Remembering My Mum

May 15, 2006 at 1:30 pm

My mum was very stern.
She used to pinch us under the table when we told on her (to my grandma, her mum).
She used to scold us (for our carelessness) when we informed her we’d hurt ourselves, before treating our injuries.
She used to cane us, when we were younger, and got naughty.

My mum was a good cook.
She baked, and cooked, and could whip up a feast for my father’s big entertainment parties.
She made all kinds of Chinese new year cookies, roasted her own roast pork and char siu.
She made all the dishes my dad still misses after all these years.

My mum was a very nice person.
She did a lot of charity sales.
She helped out a lot in church.

My mum was a good daughter.
She spent twice a week with my grandparents, bringing them for movies, meals and visiting friends.
She spent hours on the phone with my grandma, talking about anything under the sun.
She brought them for holidays.

My mum loved kids.
She was a kindergarten teacher, and a principal, without pay.
She baby sat for friends’ kids, for free.

My mum was an animal lover.
She cared for all the strays I brought home.
She let the kittens sleep on her belly while she watched TV.

My mum and my dad made a loving couple.
They fought, quarreled, but they had their arms around each other when they went shopping.
My dad never remarried because he still misses my mum.

My mum was how my mum should be.
She gave me advice on my relationships, left me alone to decide for things.
She nursed my heart breaks with me, brought me to Australia to ‘forget about things’.
She chauffeured me to work.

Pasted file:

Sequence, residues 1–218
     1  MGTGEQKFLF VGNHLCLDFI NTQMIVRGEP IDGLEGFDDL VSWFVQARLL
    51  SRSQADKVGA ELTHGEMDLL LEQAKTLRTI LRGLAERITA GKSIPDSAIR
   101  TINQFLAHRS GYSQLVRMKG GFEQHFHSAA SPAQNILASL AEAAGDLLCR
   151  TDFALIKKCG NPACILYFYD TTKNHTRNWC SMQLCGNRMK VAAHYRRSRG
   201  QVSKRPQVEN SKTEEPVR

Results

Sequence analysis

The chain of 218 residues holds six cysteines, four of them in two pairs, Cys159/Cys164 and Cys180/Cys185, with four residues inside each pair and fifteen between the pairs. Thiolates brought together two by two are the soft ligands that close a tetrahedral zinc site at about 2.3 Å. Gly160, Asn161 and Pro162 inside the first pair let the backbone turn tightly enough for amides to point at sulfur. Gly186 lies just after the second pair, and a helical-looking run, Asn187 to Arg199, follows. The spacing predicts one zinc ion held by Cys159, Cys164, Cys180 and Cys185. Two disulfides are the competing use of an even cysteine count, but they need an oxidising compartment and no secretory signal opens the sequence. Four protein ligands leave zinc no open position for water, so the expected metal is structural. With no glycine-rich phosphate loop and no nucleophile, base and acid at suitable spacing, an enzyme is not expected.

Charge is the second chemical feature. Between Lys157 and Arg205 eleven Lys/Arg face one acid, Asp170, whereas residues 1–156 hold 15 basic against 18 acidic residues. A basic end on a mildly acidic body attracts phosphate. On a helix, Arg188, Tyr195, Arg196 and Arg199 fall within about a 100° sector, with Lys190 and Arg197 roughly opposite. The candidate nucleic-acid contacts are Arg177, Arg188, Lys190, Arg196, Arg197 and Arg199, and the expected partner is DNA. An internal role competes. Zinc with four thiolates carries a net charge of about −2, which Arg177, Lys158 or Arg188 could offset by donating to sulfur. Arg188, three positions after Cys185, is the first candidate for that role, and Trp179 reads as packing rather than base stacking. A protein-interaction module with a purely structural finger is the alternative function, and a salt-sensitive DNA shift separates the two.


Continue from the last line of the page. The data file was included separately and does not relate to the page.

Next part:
She bought me Taiwanese children story books, Japanese pop cassettes, Esprit clothes when she went traveling with my dad, she knew I love them.

My mum was a considerate mum and daughter.
She had cancer of the kidney, had a surgery to remove one of her kidneys, went for chemotherapy.
She kept her situation from us, her four children and her parents, for seven years,
She only had my father informed.

My mum was a strong believer of Christ.
She went to church every morning.
She said the rosary upon waking and before sleeping.
She abstained from meat (except sea food) every Friday.
She went for pilgrimage tours.
She said her faith helped her endure her cancer, she said she felt no pain in all her treatments.

My mum left early.
She had a relapse and we were finally informed of her illness, and within 3 days, she passed on, without us having time to react.
She had not seen any of her grandchildren. None of her grandchildren has experienced her love.

My grandma was immensely sad.
She refused to come to our home, the memory of my mum was too hard to bear.
She refused to speak to my dad, blaming him for not telling her any earlier.
She refused to stay healthy; she bathed in sadness; she joined my mum 3 years later; fulfilling my mum’s wishes, she was baptised before she left the world.

After being a mum myself, I realised what both these women had done for us, caring for us, loving us. It’s a shame I only knew this so much later. And I have not reciprocated the love the way I should. It’s a loss for Zara, as she cannot experience the love of a maternal grandma, the way I did.

Remembering them on Mother’s Day, and my mum’s upcoming 13th year death anniversary.

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